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Top 6 Federal Policy Recommendations for Advancing Climate Equity

December 09, 2022

Communities most impacted by climate change are least likely to be included in the solutions. 

The Inflation Reduction Act of 2022 (IRA) is the largest climate investment in U.S. history, with $369 billion dedicated to supercharging the green economy. Now it’s time to get this money to the communities that need it most. 

Here are our top 6 recommendations to ensure these funds are distributed equitably:

  1. Prioritize communities most in need and engage them in the process. 

    Those most impacted by climate change should be the first to benefit from these historic investments. We need to continually strengthen the Administration’s screening tool to center disadvantaged communities in selection and distribution.

  2. Remove funding barriers & incentivize public-private partnerships.

    The EPA should use the Greenhouse Gas Reduction Fund to create a National Green Bank which will leverage private capital to make more money available for more green projects while ensuring that more than 40% of the investments go to disadvantaged communities and supporting a network of minority-serving financial institutions. 

  3. Create contracting opportunities for minority-owned green businesses.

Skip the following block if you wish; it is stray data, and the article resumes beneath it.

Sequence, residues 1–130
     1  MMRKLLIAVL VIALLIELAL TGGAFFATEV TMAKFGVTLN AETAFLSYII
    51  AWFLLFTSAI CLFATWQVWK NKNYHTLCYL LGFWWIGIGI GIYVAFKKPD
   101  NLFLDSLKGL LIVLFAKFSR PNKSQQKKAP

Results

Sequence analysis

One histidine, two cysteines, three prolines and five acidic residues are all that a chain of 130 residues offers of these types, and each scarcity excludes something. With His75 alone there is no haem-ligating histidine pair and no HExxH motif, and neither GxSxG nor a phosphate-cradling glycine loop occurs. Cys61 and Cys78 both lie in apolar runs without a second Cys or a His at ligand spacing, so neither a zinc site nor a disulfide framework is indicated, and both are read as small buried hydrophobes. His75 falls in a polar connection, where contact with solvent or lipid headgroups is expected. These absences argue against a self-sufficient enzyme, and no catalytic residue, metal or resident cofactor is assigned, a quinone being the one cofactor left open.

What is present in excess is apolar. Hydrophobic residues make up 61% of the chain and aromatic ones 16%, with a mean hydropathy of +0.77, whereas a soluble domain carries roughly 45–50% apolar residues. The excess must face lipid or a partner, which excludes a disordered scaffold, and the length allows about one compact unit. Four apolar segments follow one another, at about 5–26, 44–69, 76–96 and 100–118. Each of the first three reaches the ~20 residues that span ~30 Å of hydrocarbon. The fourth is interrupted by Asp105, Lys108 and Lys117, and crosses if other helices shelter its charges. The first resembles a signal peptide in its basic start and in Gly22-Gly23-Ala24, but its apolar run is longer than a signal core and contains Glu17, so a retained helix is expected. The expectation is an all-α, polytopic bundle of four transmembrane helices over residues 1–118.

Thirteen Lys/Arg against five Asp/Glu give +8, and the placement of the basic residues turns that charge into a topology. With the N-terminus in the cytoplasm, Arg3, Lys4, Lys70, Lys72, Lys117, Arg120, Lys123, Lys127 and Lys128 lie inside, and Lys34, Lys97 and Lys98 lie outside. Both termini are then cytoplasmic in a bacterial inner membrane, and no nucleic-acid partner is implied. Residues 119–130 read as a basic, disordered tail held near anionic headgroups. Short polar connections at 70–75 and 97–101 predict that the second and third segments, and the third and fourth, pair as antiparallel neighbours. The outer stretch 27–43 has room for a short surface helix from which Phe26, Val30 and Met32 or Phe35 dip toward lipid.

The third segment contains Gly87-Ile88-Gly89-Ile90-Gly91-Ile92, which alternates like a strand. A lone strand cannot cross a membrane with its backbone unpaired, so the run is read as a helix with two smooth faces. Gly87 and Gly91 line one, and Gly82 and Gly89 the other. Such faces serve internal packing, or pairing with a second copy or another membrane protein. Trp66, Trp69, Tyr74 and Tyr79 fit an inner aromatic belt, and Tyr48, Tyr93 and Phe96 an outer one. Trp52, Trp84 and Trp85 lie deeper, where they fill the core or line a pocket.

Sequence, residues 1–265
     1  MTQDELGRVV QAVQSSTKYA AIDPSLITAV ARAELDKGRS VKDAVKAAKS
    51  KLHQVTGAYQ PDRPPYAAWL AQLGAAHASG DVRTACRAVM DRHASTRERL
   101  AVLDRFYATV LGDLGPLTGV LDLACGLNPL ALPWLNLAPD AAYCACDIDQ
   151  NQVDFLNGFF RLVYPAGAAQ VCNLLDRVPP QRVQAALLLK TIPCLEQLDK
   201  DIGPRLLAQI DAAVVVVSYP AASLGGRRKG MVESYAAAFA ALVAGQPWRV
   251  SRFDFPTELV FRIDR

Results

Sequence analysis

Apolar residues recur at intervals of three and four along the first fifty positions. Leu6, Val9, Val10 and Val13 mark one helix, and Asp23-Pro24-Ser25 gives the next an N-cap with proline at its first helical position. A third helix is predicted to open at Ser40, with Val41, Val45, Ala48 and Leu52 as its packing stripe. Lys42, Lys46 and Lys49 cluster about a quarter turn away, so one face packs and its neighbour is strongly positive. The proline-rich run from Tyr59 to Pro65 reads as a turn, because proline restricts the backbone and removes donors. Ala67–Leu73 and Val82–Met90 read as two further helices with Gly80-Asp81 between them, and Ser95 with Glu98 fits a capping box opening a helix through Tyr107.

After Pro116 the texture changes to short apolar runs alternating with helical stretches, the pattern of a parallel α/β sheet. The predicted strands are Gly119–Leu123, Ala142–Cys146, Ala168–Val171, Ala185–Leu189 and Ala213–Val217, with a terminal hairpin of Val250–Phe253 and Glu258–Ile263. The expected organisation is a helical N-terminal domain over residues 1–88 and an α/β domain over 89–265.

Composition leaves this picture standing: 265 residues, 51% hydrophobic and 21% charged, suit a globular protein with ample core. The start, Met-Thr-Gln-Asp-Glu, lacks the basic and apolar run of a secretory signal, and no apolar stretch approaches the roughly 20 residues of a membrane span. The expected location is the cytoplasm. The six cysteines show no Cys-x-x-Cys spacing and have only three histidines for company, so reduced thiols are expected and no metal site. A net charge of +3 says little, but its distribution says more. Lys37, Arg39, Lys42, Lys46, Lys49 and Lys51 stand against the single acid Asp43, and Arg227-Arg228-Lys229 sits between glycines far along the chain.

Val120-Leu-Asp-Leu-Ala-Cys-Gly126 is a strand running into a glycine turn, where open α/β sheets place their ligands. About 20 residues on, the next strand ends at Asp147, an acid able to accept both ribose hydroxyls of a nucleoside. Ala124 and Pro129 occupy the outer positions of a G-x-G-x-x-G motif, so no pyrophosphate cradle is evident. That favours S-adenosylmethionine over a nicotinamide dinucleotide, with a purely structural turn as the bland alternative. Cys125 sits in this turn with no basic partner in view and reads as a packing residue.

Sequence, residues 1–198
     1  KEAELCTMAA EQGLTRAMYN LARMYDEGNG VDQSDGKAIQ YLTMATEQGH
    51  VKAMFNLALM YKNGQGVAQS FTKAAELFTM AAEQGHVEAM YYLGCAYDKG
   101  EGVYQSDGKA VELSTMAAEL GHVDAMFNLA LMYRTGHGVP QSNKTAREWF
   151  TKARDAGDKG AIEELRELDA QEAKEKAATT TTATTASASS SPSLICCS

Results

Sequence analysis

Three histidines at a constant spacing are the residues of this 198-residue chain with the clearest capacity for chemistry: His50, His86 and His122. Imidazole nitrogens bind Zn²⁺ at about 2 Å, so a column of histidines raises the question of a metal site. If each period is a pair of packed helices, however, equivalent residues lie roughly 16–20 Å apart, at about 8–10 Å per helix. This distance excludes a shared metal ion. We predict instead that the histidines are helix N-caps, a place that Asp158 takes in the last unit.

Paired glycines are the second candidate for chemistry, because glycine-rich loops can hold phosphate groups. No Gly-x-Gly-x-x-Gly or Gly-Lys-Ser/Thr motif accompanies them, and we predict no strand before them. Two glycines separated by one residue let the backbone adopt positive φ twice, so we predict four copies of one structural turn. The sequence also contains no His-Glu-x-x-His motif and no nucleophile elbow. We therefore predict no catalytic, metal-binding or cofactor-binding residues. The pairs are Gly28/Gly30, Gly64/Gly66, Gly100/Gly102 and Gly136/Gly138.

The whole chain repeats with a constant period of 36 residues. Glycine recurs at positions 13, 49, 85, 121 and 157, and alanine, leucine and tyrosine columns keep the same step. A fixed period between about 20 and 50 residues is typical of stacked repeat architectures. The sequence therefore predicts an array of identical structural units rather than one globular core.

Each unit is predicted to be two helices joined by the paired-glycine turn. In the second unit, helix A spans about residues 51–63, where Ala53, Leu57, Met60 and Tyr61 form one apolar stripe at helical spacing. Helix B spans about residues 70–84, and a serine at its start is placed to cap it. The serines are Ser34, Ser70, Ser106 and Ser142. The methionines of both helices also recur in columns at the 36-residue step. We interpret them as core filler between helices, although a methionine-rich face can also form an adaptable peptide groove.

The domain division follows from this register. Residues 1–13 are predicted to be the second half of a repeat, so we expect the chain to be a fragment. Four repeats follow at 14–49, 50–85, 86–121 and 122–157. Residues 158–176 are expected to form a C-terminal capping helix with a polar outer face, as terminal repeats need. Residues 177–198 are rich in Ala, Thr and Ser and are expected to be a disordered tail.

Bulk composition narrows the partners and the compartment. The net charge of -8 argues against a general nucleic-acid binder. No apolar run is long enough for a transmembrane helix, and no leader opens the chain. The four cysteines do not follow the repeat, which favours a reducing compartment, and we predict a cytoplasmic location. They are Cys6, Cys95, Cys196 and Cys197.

Federal agencies should ensure at least 15% of climate contracts are awarded to minority-owned businesses committed to creating work and wealth opportunities for communities of color. This will ensure the solutions to climate change become opportunities to invest in the communities most impacted by it.

  4. Provide technical assistance to states, local governments, and impacted groups.

    One reason communities have been left out of government support in the past is a lack of capacity to track and apply for grants. These groups need capacity building, application, and implementation assistance to compete for funds.

  5. Accelerate permitting for clean energy projects.

    The DOE should explore opportunities for accelerating approvals for green energy projects while increasing government efficiency. However, permitting reform cannot come at the expense of impacted communities, nor should it exacerbate the harmful effects of fossil fuels consumption.

  6. Reward community engagement in proposal development.

    Applicants that include affected community members in their proposals through community benefits agreements, anti-displacement policies, local hiring plans, and community advisory boards should be prioritized.

Read more about our Inflation Reduction Act implementation strategy here.

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